Industrial Revolution Power Brokers
This year marks the 300th anniversary of the birth of the Industrial Revolution in what is now a quiet Shropshire town as well as the 200th anniversary of the death of one of Britain’s greatest industrialists, Matthew Boulton. Ross Reyburn reports.
Ironically, the birthplace of the Industrial Revolution occupies one of the finest scenic views in England. Opened on New Year's Day in 1781, the striking arched Iron Bridge that spans the Severn Gorge is today overlooked by the town that takes its name from the famous construction, serene focal point for the UNESCO Ironbridge Gorge World Heritage Site.
'The Iron Bridge is unbelievably beautiful,' says David de Haan, the Ironbridge Gorge Museum Trust's Director of Learning. The location was just a wharf where there was a ferry and the town didn't exist when it was built. The bridge was a fantastic exercise by Abraham Darby III to promote the use of iron.'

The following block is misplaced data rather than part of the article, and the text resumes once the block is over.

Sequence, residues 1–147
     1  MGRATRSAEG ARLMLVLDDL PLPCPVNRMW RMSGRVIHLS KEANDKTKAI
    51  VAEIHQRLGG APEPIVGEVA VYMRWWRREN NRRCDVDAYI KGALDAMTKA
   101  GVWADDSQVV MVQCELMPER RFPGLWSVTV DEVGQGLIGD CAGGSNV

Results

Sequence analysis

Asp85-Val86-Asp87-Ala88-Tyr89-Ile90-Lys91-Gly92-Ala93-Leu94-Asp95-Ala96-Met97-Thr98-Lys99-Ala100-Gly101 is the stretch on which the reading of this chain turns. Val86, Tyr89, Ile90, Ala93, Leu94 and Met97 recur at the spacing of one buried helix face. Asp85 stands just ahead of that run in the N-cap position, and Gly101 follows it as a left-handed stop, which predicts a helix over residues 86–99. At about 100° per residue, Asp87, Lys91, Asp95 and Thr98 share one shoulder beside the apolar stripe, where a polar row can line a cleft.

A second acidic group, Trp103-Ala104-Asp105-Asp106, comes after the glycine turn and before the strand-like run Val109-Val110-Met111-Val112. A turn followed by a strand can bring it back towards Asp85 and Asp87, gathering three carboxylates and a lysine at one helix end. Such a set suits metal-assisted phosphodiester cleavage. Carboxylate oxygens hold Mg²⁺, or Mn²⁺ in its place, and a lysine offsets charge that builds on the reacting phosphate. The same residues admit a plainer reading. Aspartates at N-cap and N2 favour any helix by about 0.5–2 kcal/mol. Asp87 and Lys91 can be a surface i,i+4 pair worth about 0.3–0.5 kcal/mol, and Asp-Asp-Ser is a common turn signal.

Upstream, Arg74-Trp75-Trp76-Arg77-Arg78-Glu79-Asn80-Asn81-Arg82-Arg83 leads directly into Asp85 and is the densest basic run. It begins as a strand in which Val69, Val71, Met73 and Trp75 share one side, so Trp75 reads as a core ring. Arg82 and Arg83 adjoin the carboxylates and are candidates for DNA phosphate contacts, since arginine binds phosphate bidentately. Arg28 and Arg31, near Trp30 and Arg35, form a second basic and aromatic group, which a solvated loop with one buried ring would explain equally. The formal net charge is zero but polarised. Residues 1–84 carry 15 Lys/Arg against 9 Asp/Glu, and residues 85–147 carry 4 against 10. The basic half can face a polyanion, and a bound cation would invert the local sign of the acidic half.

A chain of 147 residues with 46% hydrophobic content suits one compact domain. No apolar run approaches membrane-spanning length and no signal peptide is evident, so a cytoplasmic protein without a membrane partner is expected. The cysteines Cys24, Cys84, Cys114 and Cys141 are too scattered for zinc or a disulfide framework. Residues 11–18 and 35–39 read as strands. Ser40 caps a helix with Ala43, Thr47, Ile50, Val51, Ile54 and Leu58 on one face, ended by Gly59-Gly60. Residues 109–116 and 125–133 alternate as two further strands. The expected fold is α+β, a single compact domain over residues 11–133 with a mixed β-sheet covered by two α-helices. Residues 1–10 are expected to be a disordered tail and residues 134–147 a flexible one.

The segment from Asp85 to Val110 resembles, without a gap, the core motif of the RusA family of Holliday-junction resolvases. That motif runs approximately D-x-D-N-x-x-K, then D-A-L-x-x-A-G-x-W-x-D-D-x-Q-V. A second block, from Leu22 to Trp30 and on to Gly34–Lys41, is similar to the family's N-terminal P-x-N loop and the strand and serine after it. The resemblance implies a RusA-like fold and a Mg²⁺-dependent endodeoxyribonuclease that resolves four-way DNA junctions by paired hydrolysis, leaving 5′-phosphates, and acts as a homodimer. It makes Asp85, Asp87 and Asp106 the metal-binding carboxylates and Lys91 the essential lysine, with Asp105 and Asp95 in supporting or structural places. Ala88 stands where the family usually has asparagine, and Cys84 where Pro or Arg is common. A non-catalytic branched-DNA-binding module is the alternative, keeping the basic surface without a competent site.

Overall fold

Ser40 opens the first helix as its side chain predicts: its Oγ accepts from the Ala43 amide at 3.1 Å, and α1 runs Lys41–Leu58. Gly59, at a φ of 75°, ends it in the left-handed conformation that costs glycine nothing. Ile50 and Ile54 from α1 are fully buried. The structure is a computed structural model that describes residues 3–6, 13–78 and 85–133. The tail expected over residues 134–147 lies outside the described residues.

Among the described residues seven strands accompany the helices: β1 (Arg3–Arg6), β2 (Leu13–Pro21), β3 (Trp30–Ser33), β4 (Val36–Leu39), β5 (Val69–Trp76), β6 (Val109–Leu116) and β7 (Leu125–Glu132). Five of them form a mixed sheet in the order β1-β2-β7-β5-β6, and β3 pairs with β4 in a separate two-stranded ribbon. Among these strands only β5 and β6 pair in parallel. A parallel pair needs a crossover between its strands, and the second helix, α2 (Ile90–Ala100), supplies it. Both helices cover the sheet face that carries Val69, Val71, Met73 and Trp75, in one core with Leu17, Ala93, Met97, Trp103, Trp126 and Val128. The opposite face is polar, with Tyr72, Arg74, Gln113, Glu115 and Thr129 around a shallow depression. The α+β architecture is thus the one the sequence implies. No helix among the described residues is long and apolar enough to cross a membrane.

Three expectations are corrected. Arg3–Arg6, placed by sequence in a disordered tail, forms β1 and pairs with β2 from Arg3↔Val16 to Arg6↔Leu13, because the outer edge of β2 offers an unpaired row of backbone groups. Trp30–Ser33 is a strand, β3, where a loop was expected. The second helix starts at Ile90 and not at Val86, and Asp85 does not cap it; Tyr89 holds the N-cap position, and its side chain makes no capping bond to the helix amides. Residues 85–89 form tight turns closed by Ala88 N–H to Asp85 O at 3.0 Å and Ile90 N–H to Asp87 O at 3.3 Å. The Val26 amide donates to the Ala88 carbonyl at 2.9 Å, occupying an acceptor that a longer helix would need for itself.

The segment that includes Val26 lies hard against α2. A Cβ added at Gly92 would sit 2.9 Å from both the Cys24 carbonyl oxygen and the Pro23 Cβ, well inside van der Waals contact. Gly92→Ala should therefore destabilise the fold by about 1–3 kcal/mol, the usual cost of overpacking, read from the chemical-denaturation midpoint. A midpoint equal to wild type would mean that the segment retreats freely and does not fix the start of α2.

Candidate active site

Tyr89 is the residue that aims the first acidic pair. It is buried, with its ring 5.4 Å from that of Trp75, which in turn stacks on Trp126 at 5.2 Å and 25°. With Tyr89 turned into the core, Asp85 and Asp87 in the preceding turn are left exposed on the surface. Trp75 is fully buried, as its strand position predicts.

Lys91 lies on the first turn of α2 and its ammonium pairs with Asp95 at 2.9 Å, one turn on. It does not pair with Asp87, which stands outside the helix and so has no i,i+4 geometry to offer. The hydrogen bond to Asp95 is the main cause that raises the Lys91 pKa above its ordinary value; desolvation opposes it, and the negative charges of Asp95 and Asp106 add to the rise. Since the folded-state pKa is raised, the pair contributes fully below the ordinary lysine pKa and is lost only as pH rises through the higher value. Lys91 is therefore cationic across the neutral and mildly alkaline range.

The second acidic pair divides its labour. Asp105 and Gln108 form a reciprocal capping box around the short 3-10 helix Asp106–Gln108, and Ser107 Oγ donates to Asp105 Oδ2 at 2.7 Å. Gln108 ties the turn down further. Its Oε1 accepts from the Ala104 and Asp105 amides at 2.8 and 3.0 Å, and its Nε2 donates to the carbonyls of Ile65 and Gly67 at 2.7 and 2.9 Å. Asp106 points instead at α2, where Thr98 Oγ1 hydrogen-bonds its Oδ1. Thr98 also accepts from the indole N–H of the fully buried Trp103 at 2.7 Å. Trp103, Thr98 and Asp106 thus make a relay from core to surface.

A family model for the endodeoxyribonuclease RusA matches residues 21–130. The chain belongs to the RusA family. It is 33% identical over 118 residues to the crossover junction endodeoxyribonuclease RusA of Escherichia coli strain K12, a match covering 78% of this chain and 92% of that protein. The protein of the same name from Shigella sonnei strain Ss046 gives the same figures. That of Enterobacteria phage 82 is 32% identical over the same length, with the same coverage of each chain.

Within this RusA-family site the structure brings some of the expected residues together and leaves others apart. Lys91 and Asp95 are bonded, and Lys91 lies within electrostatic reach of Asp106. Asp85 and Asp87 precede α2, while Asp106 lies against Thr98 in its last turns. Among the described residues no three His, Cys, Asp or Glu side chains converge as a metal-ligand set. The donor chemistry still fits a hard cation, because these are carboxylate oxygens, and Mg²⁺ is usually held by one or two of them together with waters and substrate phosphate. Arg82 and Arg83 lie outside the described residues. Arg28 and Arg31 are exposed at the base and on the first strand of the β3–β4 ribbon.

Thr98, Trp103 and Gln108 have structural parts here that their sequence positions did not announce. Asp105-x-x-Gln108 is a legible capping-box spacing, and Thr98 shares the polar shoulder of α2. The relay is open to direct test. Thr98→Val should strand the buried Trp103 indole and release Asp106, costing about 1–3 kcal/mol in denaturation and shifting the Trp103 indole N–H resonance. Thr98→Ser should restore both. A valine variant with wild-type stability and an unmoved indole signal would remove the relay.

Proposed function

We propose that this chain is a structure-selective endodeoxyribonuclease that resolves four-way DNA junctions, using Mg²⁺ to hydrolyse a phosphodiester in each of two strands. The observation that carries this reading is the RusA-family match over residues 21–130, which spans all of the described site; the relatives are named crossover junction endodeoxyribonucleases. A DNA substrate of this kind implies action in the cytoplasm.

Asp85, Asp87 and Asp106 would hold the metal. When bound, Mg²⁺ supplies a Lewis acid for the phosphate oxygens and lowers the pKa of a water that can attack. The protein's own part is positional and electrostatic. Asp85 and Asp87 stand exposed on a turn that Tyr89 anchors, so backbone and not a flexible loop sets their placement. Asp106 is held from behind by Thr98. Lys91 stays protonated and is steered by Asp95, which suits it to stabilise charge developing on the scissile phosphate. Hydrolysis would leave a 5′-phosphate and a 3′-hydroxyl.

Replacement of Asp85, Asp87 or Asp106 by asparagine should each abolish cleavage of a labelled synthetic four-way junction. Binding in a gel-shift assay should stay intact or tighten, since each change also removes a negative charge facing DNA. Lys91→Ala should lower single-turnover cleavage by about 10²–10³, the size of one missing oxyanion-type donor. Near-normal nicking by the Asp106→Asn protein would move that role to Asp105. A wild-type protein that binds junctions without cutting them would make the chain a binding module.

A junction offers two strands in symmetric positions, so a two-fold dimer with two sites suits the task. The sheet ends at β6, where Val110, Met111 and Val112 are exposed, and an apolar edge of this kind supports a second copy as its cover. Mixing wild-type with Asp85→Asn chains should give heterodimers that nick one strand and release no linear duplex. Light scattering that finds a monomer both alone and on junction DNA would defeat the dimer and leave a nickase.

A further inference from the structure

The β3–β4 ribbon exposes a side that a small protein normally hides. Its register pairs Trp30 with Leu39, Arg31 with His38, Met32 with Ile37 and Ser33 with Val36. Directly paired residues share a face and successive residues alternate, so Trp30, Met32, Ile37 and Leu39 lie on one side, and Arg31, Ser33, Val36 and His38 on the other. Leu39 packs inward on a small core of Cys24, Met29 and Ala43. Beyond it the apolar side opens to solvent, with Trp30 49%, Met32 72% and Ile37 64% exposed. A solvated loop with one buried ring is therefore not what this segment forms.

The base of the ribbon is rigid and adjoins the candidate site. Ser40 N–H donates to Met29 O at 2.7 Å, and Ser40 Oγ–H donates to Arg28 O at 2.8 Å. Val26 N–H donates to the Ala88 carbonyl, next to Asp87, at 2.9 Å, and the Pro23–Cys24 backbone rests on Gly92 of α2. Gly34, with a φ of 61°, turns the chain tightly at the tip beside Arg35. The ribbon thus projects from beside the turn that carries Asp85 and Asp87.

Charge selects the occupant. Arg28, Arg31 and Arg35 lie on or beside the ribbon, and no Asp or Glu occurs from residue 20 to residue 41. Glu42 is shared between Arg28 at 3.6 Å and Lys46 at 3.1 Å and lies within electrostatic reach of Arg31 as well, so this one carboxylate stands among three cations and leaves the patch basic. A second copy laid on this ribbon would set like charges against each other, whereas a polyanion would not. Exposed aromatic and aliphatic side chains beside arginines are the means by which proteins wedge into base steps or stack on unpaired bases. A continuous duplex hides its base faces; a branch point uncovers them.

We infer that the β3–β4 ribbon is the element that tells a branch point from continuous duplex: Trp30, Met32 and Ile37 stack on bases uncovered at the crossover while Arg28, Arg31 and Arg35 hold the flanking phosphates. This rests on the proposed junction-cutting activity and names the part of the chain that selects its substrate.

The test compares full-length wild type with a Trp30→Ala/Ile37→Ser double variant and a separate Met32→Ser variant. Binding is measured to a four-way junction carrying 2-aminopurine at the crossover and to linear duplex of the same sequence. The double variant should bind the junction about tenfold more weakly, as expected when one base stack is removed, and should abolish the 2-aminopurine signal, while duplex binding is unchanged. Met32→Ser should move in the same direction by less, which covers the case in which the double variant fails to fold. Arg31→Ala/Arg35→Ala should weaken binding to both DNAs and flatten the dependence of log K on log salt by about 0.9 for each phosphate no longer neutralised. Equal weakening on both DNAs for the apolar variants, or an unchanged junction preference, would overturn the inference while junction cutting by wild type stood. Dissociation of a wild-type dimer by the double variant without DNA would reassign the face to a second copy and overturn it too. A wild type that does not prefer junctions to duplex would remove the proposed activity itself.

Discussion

A mile from the bridge into the valley at Coalbrookdale lie the remains of the Old Furnace where the first Abraham Darby (1678-1717) succeeded in smelting iron using coke instead of charcoal 300 years ago in 1709.
'He was aware this area was rich in raw materials with the River Severn, the motorway of its day, for transport,' points out de Haan. 'So he took a lease on a derelict brick furnace in Coalbrookdale and experimented making cast iron. In doing so he solved a fuel crisis. Charcoal is made from coppicing trees and the forests were being depleted for building houses and ships.'
But Darby's cast iron was not suitable for conversion to the stronger wrought iron. A solution was found in the 1750s by his son Abraham Darby II (1711-63). Coalbrookdale was now spearheading the Industrial Revolution, producing the iron for the steam engines that transformed manufacturing.